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Portugal[1] occupies the western part of the Iberian Peninsula. Thomas Jefferson never visited Portugal, but he had many Portuguese friends and acquaintances, and his farm and his table were the beneficiaries of a variety of Portuguese exports.

Jefferson was very fond of Portuguese wine. After his residence in Europe he rejected the "too powerful" Madeira for lighter European wines, always including a store of Portuguese wines like port and, especially, Termo. In 1806 a Termo order was described as a "provison for my future comfort" and, when ordering for Termo (second choice port) in 1816, he made his well-known comment, "Wine from long habit has become an indispensible for my health." Other Portuguese wines he purchased were Arruda, Becelas, Oeiras and Setubal.

Jefferson had a number of Portuguese friends and acquaintances. The Portuguese naturalist, Abbé José Correia da Serra was a good friend and frequent visitor to Monticello. Thomas Jefferson attributed the introduction of the tomato to Virginia to Dr. John de Sequeyra (1712-1795), a London-born Jew of Portuguese extraction. Sequeyra practiced medicine in Williamsburg and attended John Wayles in his final illness. John F. Oliveira Fernades was another physician with whom Jefferson was friendly; he supplied Jefferson with some of his Portuguese wines.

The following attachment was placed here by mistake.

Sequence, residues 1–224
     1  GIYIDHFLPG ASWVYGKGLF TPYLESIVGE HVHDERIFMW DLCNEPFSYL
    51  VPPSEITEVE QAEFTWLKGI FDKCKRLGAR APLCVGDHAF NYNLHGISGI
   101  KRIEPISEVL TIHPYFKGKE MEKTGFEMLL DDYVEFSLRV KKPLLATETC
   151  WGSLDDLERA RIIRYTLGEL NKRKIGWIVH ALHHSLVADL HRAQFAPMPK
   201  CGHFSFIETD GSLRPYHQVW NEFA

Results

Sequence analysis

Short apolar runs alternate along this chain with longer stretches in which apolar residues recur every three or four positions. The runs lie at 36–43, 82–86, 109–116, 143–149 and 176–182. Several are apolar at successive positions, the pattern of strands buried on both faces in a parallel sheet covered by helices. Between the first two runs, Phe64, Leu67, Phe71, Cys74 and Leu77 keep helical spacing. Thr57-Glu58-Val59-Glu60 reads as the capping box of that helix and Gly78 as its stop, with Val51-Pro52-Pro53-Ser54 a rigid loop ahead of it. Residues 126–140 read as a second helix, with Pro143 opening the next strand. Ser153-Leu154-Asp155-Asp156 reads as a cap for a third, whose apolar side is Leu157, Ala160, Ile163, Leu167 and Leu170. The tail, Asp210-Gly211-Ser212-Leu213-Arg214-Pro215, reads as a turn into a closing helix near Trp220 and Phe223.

Jefferson's sheep breeding operations were apparently indebted to the produce of Portugal. In 1810 William Jarvis, U.S. consul at Lisbon, sent Jefferson and James Madison some purebred Merino sheep.


  1. This article is based on Lucia Stanton, Monticello Research Report, 1992.


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